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Expert opinion: Banners are back

Which advertising method to choose: click-through, link exchange, banner-based – this is certainly a very serious and difficult question. Each advertisement type has its own distinct set of pros and cons. The majority of people are quick to claim that the only effective way of advertisement is click-through via search engines, where the contents of the advertisement material corresponds to some extent to search query or site contents. I can agree on this, but I still think there are certain drawbacks present with this method. Websites covered in Google-ads tip to toe are getting more and more obnoxious with each day. They’re so full of meaningless ads on all sides that it sometimes gets difficult to even read the main text of the website. One almost feels an urge to say to the site’s designer: If you give so much of your time to your online-brainchild, why not make at least some effort to cover your attempts to monetize it? Making a penny off every click wasn’t you initial goal, was it? Well perhaps it was, but it’s a completely different story already, and if that’s the case, any attempt at effective advertisement goes out the window anyway. All we have here is a generated flow of half-artificial traffic of random people who come and go, and earn money for Google via an intermediary site as they do. It’s difficult to measure its efficiency, since there are just as many negative responses to such advertisement as there are positive ones. What kinds of people click the search-engine ads remains a complete and utter mystery, too. I’m sure you will agree that it’s rather vexing to pay 10, 50, 90 cents per click and not even know what kind of person actually made the click. It could be just a curious kid, a bored web-surfer, pretty much anyone at all. As a result we get budget loss, a couple of hits on the website and zero total sales. Especially if we’re offering a specialized product for a certain target audience.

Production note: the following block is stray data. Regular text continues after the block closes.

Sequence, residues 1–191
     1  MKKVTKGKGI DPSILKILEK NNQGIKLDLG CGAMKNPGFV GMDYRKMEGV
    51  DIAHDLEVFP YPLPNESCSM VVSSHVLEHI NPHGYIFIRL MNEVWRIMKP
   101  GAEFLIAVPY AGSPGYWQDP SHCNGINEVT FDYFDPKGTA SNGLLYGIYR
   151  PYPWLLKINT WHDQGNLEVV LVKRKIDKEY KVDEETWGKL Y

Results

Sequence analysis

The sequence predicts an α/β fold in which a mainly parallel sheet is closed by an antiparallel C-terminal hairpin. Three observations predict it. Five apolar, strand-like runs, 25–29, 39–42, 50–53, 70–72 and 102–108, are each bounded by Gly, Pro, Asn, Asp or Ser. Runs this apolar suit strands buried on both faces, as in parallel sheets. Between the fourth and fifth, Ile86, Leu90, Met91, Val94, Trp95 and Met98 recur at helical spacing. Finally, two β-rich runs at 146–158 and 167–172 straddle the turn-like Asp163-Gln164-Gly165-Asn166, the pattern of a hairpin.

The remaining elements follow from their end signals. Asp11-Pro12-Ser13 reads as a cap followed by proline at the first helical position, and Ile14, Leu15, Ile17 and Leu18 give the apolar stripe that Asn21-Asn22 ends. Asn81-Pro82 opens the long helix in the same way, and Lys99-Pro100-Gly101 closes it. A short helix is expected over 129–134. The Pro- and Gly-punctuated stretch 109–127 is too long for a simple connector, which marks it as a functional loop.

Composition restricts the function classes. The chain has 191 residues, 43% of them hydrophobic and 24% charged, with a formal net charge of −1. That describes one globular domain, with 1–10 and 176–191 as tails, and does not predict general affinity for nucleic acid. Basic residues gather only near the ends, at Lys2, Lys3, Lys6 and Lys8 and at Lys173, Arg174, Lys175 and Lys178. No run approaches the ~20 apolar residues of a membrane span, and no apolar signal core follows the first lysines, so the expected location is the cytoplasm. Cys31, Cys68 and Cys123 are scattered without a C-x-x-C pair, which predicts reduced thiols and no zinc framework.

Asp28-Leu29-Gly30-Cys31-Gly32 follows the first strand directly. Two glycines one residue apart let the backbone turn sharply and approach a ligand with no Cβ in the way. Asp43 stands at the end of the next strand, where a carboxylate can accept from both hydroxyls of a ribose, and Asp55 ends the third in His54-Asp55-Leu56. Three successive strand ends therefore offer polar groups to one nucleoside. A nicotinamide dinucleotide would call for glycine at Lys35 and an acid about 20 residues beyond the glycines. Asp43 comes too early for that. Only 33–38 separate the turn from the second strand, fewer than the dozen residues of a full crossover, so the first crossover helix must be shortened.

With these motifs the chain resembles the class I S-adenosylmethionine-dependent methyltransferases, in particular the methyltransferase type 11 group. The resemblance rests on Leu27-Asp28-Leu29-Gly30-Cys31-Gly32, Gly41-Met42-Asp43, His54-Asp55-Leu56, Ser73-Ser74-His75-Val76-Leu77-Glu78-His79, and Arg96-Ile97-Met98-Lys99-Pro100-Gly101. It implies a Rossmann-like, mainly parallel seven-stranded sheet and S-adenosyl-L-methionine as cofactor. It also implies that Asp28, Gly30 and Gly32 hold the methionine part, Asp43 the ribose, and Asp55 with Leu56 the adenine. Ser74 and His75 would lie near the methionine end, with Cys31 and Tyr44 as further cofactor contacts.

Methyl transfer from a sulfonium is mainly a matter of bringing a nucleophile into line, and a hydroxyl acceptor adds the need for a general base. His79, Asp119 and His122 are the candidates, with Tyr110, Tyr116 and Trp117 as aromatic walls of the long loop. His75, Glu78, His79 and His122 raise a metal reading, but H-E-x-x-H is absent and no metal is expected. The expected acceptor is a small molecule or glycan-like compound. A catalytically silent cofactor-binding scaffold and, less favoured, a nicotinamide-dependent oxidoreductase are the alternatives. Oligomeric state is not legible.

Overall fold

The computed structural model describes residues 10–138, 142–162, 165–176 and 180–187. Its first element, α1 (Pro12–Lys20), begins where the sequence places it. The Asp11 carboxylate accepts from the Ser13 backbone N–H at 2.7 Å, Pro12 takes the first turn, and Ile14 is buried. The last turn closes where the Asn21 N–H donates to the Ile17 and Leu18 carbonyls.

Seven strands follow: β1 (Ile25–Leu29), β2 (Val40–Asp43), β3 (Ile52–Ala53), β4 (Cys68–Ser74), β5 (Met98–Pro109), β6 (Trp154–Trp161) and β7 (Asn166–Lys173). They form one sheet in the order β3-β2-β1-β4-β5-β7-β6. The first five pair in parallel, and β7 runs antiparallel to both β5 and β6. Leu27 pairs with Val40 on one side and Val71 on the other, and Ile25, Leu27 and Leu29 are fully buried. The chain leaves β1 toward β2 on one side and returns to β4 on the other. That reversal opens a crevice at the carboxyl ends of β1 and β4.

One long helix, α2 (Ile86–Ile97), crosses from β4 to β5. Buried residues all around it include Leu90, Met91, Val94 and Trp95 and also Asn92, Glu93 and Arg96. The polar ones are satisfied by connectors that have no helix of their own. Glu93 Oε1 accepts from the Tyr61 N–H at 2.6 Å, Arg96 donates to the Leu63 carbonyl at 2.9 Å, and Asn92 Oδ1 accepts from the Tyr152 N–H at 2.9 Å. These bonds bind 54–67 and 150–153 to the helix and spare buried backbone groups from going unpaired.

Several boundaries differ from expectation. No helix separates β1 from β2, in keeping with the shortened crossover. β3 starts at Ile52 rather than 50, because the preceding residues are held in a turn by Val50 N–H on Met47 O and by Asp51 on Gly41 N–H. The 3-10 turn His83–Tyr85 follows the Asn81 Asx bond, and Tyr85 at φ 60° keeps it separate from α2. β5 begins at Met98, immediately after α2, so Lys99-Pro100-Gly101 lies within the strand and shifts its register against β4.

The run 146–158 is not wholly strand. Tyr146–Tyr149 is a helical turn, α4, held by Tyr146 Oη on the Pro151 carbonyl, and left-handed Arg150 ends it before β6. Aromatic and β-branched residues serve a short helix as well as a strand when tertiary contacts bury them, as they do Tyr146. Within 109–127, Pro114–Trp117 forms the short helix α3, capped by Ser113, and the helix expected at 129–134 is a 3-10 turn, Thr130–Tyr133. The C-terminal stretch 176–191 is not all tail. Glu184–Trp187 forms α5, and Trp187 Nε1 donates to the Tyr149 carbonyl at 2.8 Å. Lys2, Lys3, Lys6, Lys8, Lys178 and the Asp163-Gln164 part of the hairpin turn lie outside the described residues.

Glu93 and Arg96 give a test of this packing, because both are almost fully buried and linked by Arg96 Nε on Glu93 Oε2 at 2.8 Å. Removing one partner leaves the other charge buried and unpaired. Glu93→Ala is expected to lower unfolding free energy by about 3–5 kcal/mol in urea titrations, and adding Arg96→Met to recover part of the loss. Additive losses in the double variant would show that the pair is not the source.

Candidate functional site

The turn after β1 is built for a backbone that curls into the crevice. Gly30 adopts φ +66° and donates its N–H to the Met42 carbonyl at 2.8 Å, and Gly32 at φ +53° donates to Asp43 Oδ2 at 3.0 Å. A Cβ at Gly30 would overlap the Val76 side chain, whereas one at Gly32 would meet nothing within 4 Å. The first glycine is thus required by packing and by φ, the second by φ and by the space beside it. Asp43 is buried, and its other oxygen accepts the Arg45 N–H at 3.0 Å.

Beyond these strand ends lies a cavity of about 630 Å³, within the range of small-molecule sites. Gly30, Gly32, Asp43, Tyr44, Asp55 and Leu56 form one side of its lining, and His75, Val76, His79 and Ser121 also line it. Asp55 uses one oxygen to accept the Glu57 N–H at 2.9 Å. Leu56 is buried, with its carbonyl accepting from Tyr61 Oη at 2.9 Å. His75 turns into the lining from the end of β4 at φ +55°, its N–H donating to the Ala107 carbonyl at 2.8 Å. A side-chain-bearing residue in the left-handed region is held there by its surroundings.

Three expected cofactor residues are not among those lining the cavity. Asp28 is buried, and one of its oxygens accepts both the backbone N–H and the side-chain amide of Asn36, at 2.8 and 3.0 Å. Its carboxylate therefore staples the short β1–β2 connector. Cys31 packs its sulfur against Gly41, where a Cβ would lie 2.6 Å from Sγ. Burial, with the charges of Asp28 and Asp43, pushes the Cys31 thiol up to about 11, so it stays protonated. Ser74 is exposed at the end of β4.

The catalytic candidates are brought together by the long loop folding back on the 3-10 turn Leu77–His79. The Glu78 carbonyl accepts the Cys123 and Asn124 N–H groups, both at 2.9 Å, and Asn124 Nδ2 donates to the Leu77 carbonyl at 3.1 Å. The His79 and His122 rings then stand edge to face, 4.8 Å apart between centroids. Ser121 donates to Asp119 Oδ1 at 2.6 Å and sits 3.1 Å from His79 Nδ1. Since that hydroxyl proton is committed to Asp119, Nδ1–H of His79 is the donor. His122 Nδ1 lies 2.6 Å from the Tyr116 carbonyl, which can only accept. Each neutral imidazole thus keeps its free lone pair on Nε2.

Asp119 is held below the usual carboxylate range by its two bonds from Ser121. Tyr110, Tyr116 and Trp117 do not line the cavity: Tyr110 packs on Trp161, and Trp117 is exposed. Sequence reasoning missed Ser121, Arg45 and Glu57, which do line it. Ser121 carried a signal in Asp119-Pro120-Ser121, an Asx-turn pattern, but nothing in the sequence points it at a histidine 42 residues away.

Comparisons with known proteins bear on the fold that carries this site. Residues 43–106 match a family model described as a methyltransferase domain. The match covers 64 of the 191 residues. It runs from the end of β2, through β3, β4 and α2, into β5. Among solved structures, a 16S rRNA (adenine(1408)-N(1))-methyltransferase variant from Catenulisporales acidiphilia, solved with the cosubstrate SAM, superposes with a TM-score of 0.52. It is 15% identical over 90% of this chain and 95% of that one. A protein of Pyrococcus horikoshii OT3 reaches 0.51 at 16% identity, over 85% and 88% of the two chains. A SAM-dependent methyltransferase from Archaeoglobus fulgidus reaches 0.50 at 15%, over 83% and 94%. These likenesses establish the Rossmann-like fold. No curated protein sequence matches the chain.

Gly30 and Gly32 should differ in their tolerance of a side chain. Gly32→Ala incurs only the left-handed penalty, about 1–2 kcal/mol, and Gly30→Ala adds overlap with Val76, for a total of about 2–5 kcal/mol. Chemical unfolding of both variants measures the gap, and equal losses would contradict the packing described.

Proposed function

I think the good old banner-ads are slowly starting to get back on track. Of course, there was a moment when people simply quit paying attention to banners, but the same happens to any advertisement when it’s being constantly offered in large quantities. It’s a simple conditioned reflex which prevents us from paying and focusing our attention. The solution to this problem with banner ads is a complex one, and consists of several rules. First - never overload sites with banners, second - make the information present on these banners as simple and easily accessible as it gets. No redundant, trite phrases like “Best offer!” or “Sale!”. As a customer I am looking for a product or service first, and the price will either be affordable, or it won’t. The user will only see your banner for a split second, oftentimes out of the corner of his eye, and if at that exact moment he sees something standard or trite, he probably won’t pay attention to this particular banner ever again. But if the main info is instantly visible (let’s say, “Lady Gaga New York tickets”), the result may be positive. Of course, many factors are at play: quality of the resource and the offered product, quality of the banner, user’s personal interest, and, of course, a bit of luck never hurt anyone, either. But this is real, absolutely real. The only question is, how to make a banner? Should it be static or animated? Should I pay a design company or a freelance designer, or perhaps it’s easier to make it myself? Etc. etc. My thoughts are as follows. Static banners are rarely being read by anyone, same goes for GIF-animation, which is effectively a relic from the past. We live in the age of Flash technology, so the best solution would be Flash-animation. But not everyone has programming skills, and designer services can be quite costly. No problem! You can always use an online banner constructor, where all you need to do is enter your own text. Cognition comes through comparison, perhaps your previous ad was ineffective simply because the banner wasn’t good enough. Keep on trying and experimenting, and the results won’t be long in coming.



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